William McNulty’s time on the Hill propelled him into a life lived around the world and a career as a nonprofit leader. McNulty, a 2001 graduate in economics and communication studies, is the 2017 recipient of an honorary doctorate from KU.
I was a late bloomer. I entered KU with a bare face and wide-eyed naiveté. I wanted to study economics because I thought an intricate understanding of how markets worked would make me a ruthless business mogul someday. My years at KU were transformative to say the least. Today, I have a beard and run a nonprofit.
What changed? KU showed me the world. It was a melting pot with students from more than 105 countries, while I’d only ever known life within one. I left the United States for the first time to study abroad in Italy at CIMBA, a university consortium program assembled and led by KU. My econ classes also cultivated a deep fascination for the way cultural forces influence human behavior. I became obsessed with trying to understand how small changes in local markets can create ripple effects across the globe.
A few days before that graduation walk down Mount Oread and into the stadium, I strolled into the Marine Corps Recruiting Station on Louisiana St. and enlisted as an infantryman, an unusual route for a college graduate. I wanted the experience of being the most junior Marine in a unit. I thought it would make me a better leader. I think the economist in me also knew that the only way to get a genuine understanding of the culture that powers the Marines would be to live it from the ground-up.
I cofounded Team Rubicon after 10 years serving in various capacities in uniform as a Marine and as a civilian intelligence officer. In 2010, my buddies and I wandered into Haiti where an earthquake had just marked the worst humanitarian crisis of our lifetimes. We were searching for a way to help. What we found in serving that community was a renewed sense of purpose, community and identity that we didn’t realize we had lost since leaving the military. This sentiment seemed to resonate with other veterans too. And as Team Rubicon began to grow, I knew that the success of our unusual business model in which veterans and disasters rebuild one another, could eventually have global reach. Thousands of non-American veterans began registering their interest with Team Rubicon. The humble operation that we built in the U.S. is now replicated in five countries around the world.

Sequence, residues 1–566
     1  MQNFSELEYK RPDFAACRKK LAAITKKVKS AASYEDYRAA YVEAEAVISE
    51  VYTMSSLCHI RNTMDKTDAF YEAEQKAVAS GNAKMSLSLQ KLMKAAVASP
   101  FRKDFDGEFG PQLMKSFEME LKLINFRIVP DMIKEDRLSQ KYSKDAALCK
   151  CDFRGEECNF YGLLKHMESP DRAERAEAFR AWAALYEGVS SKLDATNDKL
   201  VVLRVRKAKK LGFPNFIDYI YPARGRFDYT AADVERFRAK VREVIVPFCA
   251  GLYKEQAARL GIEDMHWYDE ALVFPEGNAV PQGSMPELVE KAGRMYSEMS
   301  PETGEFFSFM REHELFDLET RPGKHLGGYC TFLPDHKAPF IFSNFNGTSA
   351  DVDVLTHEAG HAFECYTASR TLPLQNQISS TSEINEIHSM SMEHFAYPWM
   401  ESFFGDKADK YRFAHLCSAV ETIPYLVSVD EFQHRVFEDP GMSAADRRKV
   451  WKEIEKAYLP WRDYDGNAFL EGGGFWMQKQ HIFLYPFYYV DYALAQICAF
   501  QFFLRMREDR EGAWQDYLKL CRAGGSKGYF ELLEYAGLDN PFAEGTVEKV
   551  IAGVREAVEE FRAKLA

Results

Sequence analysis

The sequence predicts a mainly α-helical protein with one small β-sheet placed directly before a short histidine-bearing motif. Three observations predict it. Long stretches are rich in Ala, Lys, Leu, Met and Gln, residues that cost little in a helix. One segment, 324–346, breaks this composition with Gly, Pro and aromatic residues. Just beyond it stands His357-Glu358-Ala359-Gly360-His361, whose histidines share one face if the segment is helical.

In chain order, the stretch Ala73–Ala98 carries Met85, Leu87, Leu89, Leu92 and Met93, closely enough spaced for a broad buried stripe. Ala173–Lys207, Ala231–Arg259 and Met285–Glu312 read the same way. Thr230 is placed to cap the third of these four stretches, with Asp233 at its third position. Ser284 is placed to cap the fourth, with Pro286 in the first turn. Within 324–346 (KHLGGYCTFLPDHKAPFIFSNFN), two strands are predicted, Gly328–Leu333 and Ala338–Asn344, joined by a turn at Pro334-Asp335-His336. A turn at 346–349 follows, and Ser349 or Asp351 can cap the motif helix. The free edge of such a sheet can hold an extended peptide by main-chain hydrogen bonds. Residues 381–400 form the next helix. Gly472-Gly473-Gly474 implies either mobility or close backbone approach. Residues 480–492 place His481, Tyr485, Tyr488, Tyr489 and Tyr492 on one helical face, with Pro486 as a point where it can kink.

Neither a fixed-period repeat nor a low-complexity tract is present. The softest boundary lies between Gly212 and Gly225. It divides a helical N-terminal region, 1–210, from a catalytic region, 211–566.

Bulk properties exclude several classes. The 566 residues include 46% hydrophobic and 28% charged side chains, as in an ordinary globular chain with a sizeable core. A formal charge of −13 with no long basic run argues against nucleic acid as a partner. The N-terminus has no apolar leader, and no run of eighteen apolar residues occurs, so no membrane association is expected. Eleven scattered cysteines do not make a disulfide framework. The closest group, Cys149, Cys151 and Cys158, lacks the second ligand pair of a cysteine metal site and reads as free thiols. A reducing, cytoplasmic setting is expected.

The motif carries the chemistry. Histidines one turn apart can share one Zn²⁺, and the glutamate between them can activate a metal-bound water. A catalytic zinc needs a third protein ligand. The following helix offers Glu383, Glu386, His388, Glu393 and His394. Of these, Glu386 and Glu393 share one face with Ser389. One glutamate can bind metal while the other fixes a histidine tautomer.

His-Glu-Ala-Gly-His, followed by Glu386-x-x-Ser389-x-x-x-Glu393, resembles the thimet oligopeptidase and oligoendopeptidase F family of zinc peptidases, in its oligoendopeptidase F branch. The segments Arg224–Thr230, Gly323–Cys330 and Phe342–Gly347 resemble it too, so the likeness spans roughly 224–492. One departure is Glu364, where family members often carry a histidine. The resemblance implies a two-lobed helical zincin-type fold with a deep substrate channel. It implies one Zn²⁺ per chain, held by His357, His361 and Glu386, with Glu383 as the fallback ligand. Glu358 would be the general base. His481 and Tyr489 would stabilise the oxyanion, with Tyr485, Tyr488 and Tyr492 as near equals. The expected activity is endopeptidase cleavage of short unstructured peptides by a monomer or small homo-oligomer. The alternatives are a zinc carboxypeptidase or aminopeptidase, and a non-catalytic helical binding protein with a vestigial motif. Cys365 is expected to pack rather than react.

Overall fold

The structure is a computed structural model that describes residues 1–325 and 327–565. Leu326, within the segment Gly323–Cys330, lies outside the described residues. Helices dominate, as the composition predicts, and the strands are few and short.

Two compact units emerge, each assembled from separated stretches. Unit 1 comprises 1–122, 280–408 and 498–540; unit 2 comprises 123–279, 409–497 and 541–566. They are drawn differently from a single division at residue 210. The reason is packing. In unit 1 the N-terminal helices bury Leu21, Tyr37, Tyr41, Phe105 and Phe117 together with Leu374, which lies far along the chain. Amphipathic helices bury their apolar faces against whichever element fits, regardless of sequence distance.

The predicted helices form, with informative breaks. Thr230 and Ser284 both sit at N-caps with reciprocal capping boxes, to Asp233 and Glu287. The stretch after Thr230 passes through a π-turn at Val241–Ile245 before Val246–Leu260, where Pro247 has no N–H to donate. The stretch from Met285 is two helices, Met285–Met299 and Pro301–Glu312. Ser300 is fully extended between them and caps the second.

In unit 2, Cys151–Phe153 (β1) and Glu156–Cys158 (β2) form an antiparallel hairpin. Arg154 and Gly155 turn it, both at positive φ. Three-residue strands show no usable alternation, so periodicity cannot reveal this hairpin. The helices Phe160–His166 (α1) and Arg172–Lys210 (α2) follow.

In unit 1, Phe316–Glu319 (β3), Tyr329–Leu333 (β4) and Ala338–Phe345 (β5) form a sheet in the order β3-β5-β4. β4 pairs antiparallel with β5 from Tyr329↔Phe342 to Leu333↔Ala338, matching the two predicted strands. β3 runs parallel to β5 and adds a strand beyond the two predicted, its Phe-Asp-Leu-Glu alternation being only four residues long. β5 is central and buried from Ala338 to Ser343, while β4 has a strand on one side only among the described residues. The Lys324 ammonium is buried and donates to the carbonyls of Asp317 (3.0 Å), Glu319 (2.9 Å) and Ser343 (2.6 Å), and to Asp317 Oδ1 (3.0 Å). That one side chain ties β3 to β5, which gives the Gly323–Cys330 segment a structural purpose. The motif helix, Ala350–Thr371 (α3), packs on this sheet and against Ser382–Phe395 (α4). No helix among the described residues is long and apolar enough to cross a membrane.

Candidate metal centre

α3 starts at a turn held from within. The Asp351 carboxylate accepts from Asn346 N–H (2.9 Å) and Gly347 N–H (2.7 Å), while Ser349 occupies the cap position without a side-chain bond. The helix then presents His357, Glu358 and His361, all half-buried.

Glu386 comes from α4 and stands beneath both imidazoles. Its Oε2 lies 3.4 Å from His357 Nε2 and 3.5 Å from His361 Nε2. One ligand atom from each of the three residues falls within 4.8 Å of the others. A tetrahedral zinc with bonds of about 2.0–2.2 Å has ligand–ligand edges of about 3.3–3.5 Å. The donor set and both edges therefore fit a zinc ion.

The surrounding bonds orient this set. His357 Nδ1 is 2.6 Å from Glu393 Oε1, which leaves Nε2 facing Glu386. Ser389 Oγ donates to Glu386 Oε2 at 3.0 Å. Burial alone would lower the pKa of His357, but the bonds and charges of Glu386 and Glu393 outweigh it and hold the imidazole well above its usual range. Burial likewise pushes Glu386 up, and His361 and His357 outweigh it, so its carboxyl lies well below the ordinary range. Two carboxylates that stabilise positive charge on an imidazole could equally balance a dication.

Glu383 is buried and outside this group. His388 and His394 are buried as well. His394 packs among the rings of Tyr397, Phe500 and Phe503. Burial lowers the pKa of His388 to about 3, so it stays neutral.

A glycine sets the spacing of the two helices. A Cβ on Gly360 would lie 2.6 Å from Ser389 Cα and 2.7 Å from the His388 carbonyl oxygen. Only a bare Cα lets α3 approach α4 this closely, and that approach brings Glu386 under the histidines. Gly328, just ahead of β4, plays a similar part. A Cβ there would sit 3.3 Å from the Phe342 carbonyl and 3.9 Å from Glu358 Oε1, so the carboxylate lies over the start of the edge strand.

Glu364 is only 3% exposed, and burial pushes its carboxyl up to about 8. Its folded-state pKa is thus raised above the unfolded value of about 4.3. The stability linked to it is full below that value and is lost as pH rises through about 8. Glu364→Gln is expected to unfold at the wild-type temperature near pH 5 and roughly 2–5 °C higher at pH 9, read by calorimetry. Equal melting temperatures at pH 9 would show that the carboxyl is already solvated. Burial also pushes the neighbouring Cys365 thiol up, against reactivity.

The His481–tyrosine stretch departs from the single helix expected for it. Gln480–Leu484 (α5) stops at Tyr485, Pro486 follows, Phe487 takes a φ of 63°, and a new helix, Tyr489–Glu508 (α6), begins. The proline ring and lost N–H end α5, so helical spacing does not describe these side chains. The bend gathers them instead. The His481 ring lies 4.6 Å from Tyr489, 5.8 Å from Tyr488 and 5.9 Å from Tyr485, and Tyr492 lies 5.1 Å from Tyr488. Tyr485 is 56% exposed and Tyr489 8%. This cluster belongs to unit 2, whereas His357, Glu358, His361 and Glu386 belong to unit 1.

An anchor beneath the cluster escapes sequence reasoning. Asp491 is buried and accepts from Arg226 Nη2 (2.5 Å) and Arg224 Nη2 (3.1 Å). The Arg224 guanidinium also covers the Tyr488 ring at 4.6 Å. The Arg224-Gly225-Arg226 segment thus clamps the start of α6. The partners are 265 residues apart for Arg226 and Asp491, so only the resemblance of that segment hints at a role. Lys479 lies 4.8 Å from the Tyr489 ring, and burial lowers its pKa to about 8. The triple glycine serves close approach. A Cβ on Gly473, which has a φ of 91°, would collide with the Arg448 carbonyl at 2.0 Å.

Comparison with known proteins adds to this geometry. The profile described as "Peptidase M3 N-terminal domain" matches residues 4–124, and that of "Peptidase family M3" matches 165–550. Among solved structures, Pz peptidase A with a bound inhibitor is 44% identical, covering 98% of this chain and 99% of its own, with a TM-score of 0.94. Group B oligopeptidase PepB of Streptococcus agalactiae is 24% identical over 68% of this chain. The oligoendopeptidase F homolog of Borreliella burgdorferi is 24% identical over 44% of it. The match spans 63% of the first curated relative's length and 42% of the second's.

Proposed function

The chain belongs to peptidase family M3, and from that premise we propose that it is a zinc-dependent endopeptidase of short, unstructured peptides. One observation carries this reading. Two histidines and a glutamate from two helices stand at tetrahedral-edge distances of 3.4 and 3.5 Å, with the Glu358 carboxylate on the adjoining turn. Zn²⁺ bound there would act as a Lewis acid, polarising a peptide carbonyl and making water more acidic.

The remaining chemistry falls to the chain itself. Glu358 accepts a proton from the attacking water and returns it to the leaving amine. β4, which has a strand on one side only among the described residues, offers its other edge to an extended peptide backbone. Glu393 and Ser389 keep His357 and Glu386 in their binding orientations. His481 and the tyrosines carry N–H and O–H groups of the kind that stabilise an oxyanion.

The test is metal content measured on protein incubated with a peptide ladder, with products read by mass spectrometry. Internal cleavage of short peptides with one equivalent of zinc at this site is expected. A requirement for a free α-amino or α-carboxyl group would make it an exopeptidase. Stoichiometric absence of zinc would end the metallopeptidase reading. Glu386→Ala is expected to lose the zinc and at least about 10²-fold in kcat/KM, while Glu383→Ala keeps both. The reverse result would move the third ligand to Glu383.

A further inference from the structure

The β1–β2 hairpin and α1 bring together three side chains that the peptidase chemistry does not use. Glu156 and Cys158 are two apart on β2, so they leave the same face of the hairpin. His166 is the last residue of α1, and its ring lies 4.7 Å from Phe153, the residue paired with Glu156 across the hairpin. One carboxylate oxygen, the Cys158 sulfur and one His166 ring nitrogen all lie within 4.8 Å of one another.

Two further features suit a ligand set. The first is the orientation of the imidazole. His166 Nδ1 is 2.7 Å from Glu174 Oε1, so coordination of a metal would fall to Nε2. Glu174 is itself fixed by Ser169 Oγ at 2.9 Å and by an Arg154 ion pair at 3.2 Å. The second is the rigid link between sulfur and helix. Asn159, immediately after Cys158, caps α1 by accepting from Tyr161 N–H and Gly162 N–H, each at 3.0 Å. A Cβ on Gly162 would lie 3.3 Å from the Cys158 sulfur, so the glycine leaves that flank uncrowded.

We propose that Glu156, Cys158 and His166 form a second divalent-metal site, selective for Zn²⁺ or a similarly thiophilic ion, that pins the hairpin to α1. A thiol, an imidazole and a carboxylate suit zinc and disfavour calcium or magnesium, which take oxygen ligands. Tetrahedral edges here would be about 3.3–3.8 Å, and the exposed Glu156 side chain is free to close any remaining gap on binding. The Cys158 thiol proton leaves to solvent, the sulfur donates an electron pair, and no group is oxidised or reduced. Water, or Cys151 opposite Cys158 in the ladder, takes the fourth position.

This is how KU plants seeds for global change. At KU, you learn that the world is bigger than your own backyard, and that your place in it, however small it seems at first, will matter to an organization, and will matter to the world.
I am humbled to be recognized by KU this spring with an honorary doctorate. That stimulus I found at KU to understand cultural nuances, to build alliances through shared experience, led me to a career that sustains my desire to serve others.
Originally published in the KU Collegian, spring 2017